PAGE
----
HOLDING(S)

Situation 1.

The Service may not use the summary assessment procedures of section 6213(b) if T filed a Form 1040 return reporting an amount of wages and a tax liability, but attached a Form W-2 reflecting payment of a different amount of wages. In the circumstances described, the Service must issue a notice of deficiency under section 6212(a).

Situation 2.

The Service may not use the summary assessment procedures of section 6213(b) if the taxpayer filed a Form 1040 return reporting wages from several Forms W-2 and a tax liability, but also attaches a Form W-2 reflecting payment of wages that appear not to be reported on the Form 1040 return. In the circumstances described, the Service must issue a notice of deficiency under section 6212(a) if it determines a deficiency in T’s income tax for 2003.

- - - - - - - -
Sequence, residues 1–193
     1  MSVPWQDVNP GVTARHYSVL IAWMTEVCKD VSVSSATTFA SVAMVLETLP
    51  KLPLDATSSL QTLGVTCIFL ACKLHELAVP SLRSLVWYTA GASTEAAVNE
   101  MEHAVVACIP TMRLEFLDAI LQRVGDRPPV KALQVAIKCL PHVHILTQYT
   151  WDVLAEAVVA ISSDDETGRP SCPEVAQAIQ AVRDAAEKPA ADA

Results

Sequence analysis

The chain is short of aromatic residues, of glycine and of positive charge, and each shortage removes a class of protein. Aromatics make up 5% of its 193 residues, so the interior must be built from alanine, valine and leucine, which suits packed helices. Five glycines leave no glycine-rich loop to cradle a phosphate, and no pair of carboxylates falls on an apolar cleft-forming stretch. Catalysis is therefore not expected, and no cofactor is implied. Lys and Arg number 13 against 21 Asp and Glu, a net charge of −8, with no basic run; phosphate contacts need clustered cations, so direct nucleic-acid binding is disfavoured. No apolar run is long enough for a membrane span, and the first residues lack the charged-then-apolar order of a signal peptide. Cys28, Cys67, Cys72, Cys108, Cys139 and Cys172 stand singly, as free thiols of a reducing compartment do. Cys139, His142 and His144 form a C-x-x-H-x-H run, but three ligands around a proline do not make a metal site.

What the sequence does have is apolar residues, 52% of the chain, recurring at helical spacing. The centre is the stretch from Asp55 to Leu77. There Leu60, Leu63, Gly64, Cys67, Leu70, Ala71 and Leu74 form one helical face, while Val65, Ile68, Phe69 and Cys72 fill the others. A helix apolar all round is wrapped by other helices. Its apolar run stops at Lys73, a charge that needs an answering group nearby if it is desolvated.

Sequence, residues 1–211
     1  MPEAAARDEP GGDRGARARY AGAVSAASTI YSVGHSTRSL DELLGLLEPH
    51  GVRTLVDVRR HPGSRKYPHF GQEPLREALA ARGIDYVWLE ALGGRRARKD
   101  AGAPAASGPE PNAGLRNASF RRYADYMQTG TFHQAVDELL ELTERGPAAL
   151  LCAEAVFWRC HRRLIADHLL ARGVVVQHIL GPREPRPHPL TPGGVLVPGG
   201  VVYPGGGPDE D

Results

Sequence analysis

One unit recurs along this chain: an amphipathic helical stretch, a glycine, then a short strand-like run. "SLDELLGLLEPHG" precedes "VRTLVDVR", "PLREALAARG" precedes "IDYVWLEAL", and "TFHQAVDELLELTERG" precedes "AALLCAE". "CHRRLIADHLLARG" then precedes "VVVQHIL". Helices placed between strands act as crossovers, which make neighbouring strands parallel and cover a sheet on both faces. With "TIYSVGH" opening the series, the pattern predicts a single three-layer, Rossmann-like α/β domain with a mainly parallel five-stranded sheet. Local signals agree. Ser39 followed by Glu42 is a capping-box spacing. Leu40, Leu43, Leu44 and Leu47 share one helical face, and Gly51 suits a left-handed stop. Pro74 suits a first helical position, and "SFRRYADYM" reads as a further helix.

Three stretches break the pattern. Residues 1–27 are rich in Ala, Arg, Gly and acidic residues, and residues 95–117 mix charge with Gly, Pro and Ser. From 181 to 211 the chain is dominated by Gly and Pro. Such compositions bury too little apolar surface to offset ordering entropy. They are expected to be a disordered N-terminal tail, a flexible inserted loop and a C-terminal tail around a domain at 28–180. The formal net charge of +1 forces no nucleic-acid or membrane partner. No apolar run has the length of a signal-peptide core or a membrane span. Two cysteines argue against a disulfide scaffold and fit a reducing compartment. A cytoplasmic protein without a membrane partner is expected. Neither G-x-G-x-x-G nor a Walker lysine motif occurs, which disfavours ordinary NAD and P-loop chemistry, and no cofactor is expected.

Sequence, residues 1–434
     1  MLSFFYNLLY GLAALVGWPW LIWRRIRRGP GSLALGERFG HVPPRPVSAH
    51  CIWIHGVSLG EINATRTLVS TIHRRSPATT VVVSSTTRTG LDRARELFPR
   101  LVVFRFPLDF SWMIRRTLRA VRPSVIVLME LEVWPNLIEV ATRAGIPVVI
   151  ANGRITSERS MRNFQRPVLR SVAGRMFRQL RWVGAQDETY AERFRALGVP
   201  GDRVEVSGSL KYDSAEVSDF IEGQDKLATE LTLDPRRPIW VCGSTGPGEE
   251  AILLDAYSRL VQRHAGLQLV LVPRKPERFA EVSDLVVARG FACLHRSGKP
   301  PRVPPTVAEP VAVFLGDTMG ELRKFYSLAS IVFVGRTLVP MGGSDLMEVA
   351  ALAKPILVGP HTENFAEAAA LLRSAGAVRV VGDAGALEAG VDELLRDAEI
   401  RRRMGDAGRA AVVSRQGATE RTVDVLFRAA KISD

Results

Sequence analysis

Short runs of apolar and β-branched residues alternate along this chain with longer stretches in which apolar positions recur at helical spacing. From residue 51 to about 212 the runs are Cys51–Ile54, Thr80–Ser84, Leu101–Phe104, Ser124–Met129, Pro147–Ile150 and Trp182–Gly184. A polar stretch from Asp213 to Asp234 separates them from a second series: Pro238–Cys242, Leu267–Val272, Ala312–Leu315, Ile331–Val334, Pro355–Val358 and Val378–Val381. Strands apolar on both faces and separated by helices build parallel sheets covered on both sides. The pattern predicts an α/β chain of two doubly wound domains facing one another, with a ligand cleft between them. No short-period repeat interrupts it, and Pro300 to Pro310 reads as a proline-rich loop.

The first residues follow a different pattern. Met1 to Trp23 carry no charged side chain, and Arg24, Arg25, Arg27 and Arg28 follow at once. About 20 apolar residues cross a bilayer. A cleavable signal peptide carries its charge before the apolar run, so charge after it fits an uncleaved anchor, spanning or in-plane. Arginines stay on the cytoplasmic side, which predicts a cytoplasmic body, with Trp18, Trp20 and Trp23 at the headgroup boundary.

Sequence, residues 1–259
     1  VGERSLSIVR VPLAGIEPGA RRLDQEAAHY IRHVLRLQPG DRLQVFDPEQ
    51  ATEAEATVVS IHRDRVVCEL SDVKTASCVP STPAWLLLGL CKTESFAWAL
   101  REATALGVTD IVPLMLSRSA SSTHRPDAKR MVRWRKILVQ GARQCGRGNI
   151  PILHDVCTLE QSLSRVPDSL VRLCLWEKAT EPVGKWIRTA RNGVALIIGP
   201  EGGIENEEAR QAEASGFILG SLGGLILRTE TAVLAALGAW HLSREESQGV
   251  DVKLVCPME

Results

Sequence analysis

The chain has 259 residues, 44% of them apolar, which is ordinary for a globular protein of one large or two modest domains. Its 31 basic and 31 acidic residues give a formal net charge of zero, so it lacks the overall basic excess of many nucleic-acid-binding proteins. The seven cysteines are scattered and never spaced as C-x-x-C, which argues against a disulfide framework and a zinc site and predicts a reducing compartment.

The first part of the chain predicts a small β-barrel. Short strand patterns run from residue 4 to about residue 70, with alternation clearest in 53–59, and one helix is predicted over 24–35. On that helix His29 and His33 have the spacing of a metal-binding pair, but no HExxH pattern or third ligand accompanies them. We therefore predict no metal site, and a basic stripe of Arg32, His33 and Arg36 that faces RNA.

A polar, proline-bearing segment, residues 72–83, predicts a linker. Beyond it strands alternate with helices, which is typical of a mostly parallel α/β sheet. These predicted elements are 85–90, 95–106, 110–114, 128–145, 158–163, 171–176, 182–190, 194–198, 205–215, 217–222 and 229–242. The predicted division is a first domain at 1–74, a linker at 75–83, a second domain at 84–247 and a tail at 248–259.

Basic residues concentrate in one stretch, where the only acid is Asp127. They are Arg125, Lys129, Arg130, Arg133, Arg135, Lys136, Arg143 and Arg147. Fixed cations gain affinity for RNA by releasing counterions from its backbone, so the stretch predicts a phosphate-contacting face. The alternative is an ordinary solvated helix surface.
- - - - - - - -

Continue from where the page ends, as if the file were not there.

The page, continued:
DRAFTING INFORMATION

The principal author of this revenue ruling is Blaise G. Dusenberry of the Office of Associate Chief Counsel (Procedure & Administration). For further information regarding this revenue ruling, contact Blaise G. Dusenberry at (202) 622-7800 (not a toll-free call).